The surround channels are not used as thoroughly as I would have liked - this is indeed a front focused mix, but they are put to great use during some of the more elaborate set pieces. The surrounds, including the centre rear, become quite alive during the hurricane that hits Aunt Jo’s house. Thunder, wind and some very unnerving creaks in the wood can be heard emanating from the rear soundstage all throughout this sequence. There is also some subtle but very effective use of the rears during the reptile room sequence, where you can hear all manner of reptiles, insects and other wildlife in the background. The entire soundtrack provides a very good ambient mix but not so much an aggressive mix.
The subwoofer is used sparingly to support the lower register of Thomas Newman’s score and for various effects, most notably the train and the hurricane. Even when it is used it is not particularly heavy, but perhaps gives a little more than your speakers alone could provide. Probably the most noticeable use of the sub is to support the score during the end credits sequence.
|Surround Channel Use|
There is a very reasonable selection of extras to be found on this DVD – unfortunately they only amount to a fraction of what the Region 1 2-Disc set is graced with. All the applicable extras are presented in 1.78:1 with 16x9 enhancement. The audio is either presented in surround encoded Dolby Digital 2.0 or just plain stereo Dolby Digital 2.0 – there’s little if no discernable difference between the two.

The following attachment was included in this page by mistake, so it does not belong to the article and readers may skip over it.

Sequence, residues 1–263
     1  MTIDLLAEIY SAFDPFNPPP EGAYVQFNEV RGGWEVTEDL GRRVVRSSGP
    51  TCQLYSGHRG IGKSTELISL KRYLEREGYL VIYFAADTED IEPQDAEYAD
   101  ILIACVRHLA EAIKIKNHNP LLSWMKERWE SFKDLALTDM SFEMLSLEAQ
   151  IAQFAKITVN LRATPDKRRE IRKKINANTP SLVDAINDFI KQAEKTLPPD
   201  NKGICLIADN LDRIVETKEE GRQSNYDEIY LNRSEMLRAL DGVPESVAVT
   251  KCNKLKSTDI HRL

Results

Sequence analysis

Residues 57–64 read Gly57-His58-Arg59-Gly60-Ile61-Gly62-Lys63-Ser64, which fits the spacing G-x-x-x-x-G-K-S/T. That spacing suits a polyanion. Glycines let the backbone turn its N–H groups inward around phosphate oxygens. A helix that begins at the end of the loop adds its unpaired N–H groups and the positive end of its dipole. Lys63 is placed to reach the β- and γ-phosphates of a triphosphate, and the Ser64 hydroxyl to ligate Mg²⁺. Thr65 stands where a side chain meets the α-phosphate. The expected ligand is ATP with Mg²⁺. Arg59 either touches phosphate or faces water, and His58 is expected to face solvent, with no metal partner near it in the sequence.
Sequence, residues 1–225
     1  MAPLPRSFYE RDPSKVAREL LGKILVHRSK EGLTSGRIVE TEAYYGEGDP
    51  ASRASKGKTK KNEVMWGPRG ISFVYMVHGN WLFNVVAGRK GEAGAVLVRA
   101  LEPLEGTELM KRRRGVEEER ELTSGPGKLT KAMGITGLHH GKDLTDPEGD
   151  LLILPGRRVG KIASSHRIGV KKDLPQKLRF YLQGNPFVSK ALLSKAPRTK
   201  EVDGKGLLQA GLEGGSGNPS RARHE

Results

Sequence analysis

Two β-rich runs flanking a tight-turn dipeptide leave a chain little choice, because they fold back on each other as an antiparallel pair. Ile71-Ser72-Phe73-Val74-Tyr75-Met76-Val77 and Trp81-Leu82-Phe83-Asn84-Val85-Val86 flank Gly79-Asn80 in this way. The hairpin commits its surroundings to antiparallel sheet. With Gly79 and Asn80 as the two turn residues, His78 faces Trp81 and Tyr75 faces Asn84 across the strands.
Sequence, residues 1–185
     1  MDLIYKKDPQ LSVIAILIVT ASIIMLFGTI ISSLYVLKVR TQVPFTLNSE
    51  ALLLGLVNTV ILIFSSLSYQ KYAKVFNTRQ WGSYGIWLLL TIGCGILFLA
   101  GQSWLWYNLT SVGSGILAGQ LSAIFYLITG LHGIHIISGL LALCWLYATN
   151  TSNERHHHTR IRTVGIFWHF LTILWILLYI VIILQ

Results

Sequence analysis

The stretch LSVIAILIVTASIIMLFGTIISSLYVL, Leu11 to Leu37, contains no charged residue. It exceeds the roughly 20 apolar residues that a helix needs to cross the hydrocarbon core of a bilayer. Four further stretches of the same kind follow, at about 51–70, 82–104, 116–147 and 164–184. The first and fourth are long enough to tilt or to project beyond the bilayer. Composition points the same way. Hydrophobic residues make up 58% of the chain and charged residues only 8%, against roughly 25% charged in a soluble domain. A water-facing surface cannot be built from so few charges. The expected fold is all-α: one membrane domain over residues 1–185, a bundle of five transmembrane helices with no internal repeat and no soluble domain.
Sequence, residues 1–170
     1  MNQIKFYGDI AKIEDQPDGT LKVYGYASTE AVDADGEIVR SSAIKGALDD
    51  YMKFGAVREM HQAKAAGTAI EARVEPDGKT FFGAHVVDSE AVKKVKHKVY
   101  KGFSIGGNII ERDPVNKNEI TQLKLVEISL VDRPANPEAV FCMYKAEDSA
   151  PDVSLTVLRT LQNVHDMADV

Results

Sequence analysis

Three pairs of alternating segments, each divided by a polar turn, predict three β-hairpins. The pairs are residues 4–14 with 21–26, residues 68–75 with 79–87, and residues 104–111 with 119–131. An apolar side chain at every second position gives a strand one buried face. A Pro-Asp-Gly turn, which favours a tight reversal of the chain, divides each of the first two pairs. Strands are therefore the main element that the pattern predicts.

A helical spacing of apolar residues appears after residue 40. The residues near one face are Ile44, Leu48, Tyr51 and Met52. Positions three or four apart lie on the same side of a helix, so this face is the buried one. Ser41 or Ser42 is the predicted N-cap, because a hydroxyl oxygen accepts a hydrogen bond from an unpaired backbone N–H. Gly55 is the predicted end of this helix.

The disc features a nicely themed animated menu featuring the animation and music from the end credits sequence of the film. Interestingly on the Region 1 disc the eye icon in the middle of the list is selectable and changes the menu animation – not a big loss for us, particularly when you consider all the other extras we’ve been denied, but I thought it was a nice touch.
Commentary – Director Brad Silberling
The first commentary is from director Brad Silberling and is definitely the better one of the two. He covers plenty of ground about shooting the film including why certain creative decisions were made – the answer more often than not being for necessity. He also comments as to why certain deviations from the books were required in order to make the film – the film after all is actually based on three books, each with their own beginning and end. Brad manages to keep the ball rolling pretty much all the way through and thus makes this quite an informative and entertaining commentary.
Commentary – Brad Silberling and Writer Daniel Handler
The second commentary is by Brad Silberling and author Daniel Handler (a.k.a. Lemony Snicket) who wrote the books on which the film is based. Both have been recorded together. It doesn’t take long to realise that Daniel is not one who takes life too seriously - in fact, the entire commentary is really little more than a running joke filled with more sarcasm than you can poke a stick at. It’s funny at first but the humour wears off very quickly. Do yourself a favour – skip this one and listen to the first.
Featurettes – Bad Beginnings
1) Building A Better Actor (12:47)
This featurette looks at the make-up, hair and costume tests of the various incantations of Jim Carrey’s character. Rather unusually, sound was recorded during these tests so the birth of some of Jim’s on-screen insanity can be seen here.
2) Making The Baudelaire Children Miserable (3:05)
This featurette looks at the make-up, hair and costume tests of the children during which a trailer (almost a short film actually) was produced and later used for the film's promotion. This is definitely worthwhile checking out as in a way it acts as an extension to the film itself, in particular giving you a little more insight into Emily Browning’s character Violet.
3) Interactive Olaf (9:16)